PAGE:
There is a 4-3 circuit split on this question. The Eleventh Circuit says a person violates § 1030(a)(2) if he uses a computer to access information that he is otherwise authorized to access but does so for an improper purpose or “non-business reason.” The Eleventh Circuit is not alone—the First, Fifth, and Seventh Circuits agree that a person violates the law when he uses a work computer for a purpose his employer prohibits. (Um, Van Buren asks in his petition, what about our ubiquitous NCAA March Madness brackets?)
On the other end of the circuit split, the Second, Fourth, and Ninth Circuits each say that a person violates the CFA only if he accesses information on a computer that he is prohibited from accessing at all, no matter his reason.
In the end, Van Buren tells us why the majority’s rule is so dangerous not only to himself, but to all of us: “Reading the statute more broadly would criminalize ordinary computer use throughout the country.” What about corporate or university policies on computer use for employees and students? Under our home circuit’s view of the statute, “[a]ny trivial breach of such condition[s]—from checking sports scores at work to inflating one’s height on a dating website—is a federal crime.” Or maybe it’s not. The Court will hear argument early next term.
The Rule of Lenity: When A Reasonable Mind Can Differ From What the Same Reasonable Mind Previously Believed Was the Scope of a Criminal Statute
by: Don Samuel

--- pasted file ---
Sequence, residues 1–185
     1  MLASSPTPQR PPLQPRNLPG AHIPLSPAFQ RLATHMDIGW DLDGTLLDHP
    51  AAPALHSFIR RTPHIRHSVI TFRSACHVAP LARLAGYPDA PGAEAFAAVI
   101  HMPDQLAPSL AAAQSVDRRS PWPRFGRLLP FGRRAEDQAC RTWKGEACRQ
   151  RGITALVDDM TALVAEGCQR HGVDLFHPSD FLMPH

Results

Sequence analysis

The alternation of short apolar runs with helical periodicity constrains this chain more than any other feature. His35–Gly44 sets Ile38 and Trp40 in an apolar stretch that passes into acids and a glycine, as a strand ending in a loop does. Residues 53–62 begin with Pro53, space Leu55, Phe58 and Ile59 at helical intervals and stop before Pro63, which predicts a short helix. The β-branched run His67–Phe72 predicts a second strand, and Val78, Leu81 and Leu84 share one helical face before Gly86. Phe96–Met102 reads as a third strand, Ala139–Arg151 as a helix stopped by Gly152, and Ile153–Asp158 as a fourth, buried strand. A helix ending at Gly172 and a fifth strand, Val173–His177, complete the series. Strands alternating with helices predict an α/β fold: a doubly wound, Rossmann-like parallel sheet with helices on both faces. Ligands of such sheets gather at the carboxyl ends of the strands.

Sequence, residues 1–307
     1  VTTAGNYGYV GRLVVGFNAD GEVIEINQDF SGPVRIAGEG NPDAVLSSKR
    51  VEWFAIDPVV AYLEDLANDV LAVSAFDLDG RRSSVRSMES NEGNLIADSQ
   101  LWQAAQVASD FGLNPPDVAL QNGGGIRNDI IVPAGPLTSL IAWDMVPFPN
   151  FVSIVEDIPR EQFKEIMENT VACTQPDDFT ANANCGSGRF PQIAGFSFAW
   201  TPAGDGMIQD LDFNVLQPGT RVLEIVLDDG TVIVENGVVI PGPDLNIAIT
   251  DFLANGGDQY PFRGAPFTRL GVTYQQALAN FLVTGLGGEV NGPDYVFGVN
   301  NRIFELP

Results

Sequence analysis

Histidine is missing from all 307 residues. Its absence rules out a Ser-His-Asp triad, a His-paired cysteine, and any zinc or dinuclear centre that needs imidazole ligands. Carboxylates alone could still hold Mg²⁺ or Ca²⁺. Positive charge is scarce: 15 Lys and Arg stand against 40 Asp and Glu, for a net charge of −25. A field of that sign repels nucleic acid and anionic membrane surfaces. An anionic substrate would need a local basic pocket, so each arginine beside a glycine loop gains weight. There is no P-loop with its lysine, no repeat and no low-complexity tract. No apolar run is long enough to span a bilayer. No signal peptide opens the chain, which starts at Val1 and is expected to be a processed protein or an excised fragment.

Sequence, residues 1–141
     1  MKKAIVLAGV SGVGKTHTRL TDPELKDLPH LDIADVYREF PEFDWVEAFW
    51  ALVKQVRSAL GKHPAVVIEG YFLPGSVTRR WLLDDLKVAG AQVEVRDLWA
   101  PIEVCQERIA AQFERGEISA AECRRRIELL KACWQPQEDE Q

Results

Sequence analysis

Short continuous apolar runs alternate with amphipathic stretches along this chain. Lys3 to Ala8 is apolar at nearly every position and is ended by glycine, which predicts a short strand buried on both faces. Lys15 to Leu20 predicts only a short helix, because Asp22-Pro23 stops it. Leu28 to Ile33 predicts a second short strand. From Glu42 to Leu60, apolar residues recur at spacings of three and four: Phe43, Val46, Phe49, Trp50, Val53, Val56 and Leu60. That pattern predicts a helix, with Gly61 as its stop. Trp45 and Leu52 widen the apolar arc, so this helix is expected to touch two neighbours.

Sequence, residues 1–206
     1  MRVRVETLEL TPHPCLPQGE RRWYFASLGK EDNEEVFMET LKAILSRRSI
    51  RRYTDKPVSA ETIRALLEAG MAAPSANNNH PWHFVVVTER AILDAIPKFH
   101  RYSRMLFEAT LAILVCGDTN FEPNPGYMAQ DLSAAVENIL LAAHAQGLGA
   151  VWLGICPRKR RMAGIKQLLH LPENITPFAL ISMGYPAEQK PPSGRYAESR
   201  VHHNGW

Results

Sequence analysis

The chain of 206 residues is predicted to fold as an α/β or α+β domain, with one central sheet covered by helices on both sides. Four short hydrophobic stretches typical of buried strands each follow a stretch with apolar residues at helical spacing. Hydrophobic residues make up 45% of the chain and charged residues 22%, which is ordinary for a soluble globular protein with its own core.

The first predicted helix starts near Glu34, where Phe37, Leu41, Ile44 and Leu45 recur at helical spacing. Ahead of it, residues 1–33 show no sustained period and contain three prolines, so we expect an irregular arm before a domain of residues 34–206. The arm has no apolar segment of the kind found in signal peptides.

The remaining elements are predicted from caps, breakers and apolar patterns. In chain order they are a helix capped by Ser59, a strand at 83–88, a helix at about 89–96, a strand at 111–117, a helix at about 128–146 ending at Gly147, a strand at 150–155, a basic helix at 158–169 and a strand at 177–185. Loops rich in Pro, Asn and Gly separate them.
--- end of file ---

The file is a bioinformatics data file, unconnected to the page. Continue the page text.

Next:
What better justification could there be for the application of the Rule of Lenity than the circumstances in United States v. Caniff. In February of 2019, three Judges on the Eleventh Circuit had to decide whether 18 U.S.C. § 2251(d)(1)(A), which makes it a crime for any person to “make a notice to receive [child pornography]” applies to a person who, in a private person-to-person text message, asks a young girl to send him nude pictures of herself. Does that request, in a private text, qualify as “making a notice” to receive child pornography? In that February decision, 916 F.3d 929 (11th Cir. 2019), two out of three judges, reviewing various dictionary definitions of “notice” and “make,” decided that the defendant’s conduct did constitute “making a notice.” One judge dissented. Yesterday, the same three Judges thought about the same question some more and, once again citing various dictionary definitions of “notice” and “make,” all three Judges decided that the defendant’s conduct did not qualify as “making a notice.” United States v. Caniff, --- F.3d --- (11th Cir. April 8, 2020).
This is the paradigm for the application of the Rule of Lenity: a distinguished Judge votes one way on the first day, and the other way on the second day. And not just one Judge changed his mind, but two distinguished Judges changed their minds about the interpretation of the statute. Obviously, reasonable judges could differ about the interpretation of the statute: these two judges both disagreed with their own interpretation from a year earlier.
by: Don Samuel